A 21-year-old ring-tailed lemur was stolen out of his enclosure at the San Francisco Zoo, the SFPD has confirmed. And as of Thursday he was found alive at a Daly City playground.
Maki, the lemur, went missing from the Lipman Family Lemur Forest habitat on Tuesday, and police said Wednesday that there was evidence of forced entry into the enclosure, and that the animal was likely stolen. The incident is being investigated as a burglary.
SFist first reported on the lemur's disappearance on Wednesday.
"We are extremely concerned about Maki’s welfare," said Tanya M. Peterson, CEO and Executive Director of San Francisco Zoological Society, speaking to KRON4. "After a thorough investigation yesterday by SFPD, we feel a reward will hopefully help to generate some leads, as this is a precious life at stake."
If Maki was stolen in order to be made into a personal pet, this would be illegal in California, and zoo officials are concerned that Maki won't receive the necessary care that he does at the zoo.
"We understand that lemurs are adorable animals," says Dr. Jason Watters, Executive Vice President of Animal Behavior and Wellness at the zoo, speaking to ABC 7. "But Maki is a highly endangered animal that requires special care. We are asking the public for help in his return."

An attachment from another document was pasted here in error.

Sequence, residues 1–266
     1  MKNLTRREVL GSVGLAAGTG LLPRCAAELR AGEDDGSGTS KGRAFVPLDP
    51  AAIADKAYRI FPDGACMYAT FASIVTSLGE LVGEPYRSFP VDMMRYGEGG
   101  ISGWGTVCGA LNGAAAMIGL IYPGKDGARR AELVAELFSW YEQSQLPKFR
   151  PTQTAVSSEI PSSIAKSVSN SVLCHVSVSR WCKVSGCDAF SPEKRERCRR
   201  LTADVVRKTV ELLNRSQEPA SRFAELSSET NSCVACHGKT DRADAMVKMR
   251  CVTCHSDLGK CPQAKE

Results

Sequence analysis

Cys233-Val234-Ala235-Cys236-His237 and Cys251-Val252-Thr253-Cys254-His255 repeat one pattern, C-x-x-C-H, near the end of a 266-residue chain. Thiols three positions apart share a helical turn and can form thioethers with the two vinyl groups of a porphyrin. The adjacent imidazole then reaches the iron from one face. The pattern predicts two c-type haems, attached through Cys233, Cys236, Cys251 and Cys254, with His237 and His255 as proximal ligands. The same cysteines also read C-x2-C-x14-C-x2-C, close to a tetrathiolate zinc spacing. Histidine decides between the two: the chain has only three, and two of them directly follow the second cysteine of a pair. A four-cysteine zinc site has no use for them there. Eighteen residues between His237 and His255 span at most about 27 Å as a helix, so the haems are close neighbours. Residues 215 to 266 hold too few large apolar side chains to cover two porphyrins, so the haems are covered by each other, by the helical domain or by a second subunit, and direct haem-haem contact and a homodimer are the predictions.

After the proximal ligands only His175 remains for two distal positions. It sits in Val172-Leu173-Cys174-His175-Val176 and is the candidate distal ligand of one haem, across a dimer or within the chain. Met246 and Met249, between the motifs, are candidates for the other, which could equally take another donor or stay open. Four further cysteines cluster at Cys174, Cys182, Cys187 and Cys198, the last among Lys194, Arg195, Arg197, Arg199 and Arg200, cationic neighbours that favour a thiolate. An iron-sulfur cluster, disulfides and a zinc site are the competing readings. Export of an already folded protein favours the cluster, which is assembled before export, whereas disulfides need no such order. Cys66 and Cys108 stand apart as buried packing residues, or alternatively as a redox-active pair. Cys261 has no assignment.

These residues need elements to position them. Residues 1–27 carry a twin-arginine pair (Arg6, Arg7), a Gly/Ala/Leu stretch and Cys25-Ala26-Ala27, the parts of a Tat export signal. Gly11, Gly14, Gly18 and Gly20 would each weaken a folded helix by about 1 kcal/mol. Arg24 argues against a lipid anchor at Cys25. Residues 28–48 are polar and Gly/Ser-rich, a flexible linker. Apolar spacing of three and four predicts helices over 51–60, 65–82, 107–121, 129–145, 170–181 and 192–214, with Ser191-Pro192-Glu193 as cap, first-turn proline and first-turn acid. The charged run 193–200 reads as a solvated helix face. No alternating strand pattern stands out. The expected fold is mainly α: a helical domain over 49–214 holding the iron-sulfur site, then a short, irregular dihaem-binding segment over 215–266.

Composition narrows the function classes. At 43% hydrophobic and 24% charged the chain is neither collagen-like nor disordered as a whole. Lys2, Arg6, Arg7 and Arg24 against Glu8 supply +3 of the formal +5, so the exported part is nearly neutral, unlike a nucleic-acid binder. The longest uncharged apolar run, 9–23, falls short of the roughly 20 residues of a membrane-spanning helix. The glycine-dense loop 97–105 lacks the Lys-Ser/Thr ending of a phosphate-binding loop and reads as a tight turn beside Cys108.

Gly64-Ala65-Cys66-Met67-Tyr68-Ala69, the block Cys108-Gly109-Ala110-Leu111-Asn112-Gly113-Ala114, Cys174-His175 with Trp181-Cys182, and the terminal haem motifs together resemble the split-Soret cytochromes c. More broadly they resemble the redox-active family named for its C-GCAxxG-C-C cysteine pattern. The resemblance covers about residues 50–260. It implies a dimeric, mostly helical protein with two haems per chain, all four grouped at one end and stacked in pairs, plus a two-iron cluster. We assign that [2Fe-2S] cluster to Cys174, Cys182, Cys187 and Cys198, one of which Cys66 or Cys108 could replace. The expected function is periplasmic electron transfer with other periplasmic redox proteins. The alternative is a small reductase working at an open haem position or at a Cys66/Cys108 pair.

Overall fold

As the Chronicle reports, Maki also may have been stolen in order to sell him on the black market. Ken White, the president of the Peninsula Humane Society, tells the paper that the international black market for endangered species and their parts is extremely lucrative — and punishments for those caught trafficking in the animals are often relatively light.
As the National Zoo explains, lemurs are among the most endangered mammal groups in the world. Ring-tailed lemurs are native to southeastern Madagascar, and unlike other lemur cousins they spend about 40 percent of their time on the ground. They typically eat leaves, fruits, and insects.
Maki is a relatively old lemur at 21, with the median life expectancy of these cute little creatures being around 16 years.
Update: Maki was found! It's unclear who, if anyone, gets the reward.
The SF Zoo was offering a $2,100 reward for tips that lead to his return — $100 for each year of his life.
Anyone with information about the burglary is asked to call the SFPD’s 24-hour tip line at (415) 575-444, or to text a tip to TIP411 with SFPD at the beginning of the message.